Linz kids giving half their prize to their parents, splitting the rest with siblings

The Linz family may have amused us with their occasional (okay, frequent) stupidity, but they’re proving that their niceness trumps all. They ran the race and had fun with it, and now they plan to give most of their $600,000 prize (the after-tax take-home amount) to their family.

Half will go to their parents, and then they’ll split the rest with their three brothers. That means that Nick, Alex, Tommy, and Megan will each only receive around $43,000, according to the Cincinnati Enquirer’s math. “We may be getting a fresh start now with the (prize) money. But our parents have paid for so much, taking care of seven kids. … We’re giving them half of the money, and that doesn’t add up to half of what they’ve spent on us,” Alex told the Enquirer.

Even their mother, Terri, is surprised and impressed by their actions. “Bless their hearts. But I don’t know they should do this. My children worked so hard on the show for the money. They all have really significant college loans. But it was pretty cool to hear that they’ll share with their brothers. I’ll never forget that.”

What’s next for Linz kids? and One ‘Amazing’ journey [Cincinnati Enquirer]

Surprisingly, man not eaten alive on Eaten Alive

Eaten Alive

Discovery Channel’s happy family holiday special Eaten Alive aired Sunday, rewarding viewers for their two full hours of viewing by ensuring that they spent quality time in the company of others instead of wasting that time doing something else that might not have been as satisfying, such as buying things that have labels which accurately reflect their contents.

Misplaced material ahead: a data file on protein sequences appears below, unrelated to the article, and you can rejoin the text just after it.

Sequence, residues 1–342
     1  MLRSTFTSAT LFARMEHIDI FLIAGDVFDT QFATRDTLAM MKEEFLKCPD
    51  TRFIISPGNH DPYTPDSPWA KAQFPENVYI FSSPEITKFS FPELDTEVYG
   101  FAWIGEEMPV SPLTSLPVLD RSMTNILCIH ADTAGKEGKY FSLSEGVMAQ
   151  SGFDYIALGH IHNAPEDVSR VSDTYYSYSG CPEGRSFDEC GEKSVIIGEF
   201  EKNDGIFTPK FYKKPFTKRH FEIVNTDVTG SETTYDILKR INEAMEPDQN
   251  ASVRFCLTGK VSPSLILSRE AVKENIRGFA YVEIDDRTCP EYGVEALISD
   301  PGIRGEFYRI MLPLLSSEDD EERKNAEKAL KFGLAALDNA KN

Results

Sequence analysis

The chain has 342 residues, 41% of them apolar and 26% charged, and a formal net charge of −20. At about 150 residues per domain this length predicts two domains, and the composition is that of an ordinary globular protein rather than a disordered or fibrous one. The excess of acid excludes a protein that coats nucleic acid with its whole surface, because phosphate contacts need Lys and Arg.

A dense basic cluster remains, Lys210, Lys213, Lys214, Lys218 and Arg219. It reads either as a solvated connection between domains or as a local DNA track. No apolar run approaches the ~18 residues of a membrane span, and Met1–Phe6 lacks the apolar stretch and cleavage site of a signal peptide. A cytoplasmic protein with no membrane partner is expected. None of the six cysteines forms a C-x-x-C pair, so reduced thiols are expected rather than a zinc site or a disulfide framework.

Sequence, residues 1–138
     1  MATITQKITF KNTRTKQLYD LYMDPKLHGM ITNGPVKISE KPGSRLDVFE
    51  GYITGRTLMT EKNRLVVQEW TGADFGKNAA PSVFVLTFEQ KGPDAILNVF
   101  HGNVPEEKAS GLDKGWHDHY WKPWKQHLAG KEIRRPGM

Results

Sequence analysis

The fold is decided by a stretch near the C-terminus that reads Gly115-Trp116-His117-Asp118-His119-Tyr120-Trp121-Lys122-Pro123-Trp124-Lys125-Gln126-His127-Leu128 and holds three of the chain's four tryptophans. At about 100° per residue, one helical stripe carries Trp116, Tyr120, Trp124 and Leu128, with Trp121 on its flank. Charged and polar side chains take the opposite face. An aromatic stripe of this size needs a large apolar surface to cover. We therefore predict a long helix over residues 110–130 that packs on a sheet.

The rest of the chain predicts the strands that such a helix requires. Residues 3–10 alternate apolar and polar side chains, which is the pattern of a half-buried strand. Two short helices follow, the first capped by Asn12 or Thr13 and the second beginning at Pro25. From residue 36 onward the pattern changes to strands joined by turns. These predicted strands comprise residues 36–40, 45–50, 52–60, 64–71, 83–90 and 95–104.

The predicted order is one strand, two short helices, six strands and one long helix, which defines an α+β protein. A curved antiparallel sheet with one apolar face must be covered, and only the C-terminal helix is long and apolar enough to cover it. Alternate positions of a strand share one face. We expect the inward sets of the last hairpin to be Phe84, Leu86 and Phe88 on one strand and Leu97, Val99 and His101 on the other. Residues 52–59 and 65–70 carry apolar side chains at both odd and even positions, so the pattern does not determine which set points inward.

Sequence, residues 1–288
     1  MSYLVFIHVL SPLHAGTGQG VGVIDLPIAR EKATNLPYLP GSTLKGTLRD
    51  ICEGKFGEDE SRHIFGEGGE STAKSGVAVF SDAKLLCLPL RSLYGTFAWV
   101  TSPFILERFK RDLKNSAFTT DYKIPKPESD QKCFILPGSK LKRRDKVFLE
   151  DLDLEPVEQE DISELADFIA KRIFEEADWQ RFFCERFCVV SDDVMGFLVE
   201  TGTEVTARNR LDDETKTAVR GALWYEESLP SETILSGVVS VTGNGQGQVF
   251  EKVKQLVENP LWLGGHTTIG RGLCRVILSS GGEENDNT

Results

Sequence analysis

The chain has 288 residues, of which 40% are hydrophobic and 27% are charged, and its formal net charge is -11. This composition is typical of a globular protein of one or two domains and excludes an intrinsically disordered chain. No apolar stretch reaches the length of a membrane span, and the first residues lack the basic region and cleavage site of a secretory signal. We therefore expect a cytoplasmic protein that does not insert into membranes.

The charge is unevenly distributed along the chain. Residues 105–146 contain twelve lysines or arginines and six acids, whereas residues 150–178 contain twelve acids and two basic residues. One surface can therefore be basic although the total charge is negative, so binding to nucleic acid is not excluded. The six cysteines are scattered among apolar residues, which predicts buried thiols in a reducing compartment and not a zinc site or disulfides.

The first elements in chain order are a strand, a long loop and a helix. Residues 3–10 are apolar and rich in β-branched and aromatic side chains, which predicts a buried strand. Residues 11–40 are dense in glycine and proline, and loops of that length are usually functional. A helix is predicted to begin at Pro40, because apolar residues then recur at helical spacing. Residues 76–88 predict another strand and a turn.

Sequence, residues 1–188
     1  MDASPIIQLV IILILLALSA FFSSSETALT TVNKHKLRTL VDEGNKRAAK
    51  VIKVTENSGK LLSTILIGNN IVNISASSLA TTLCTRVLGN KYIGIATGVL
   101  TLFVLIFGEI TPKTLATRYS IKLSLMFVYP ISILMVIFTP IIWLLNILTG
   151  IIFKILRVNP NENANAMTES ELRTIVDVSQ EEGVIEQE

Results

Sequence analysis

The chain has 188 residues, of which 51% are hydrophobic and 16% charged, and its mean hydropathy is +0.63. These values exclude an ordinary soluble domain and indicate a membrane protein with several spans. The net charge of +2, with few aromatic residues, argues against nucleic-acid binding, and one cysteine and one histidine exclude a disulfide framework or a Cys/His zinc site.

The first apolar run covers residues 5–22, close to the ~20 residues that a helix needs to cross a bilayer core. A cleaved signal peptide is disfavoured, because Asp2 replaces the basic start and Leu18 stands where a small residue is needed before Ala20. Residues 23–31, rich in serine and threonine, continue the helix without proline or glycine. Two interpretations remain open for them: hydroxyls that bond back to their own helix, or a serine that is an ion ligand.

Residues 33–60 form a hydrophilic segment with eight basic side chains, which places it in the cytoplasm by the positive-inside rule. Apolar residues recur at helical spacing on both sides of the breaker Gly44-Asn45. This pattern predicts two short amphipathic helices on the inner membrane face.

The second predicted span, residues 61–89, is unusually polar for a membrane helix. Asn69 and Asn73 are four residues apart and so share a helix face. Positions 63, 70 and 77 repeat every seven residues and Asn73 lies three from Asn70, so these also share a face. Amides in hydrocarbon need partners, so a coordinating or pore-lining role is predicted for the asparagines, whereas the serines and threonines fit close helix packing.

Winter 2015 reality TV debut schedule

winter 2015 reality TV schedule

Mark your calendars with all these upcoming reality TV show debuts, including Celebrity Apprentice, The Bachelor, and another season of MasterChef Junior, all of which kick off in early January.

There are also 20+ shows debuting in December--including the one-off return of The Sing Off. No winter break for reality TV.

about the writer

Andy Dehnart is a journalist who has covered reality television for more than 15 years and created reality blurred in 2000. A member of the Television Critics Association, his writing and criticism about television, culture, and media has appeared on NPR and in Playboy, Buzzfeed, and many other publications. Andy, 36, also directs the journalism program at Stetson University in Florida, where he teaches creative nonfiction and journalism. He has an M.F.A. in nonfiction writing and literature from Bennington College. More about reality blurred and Andy.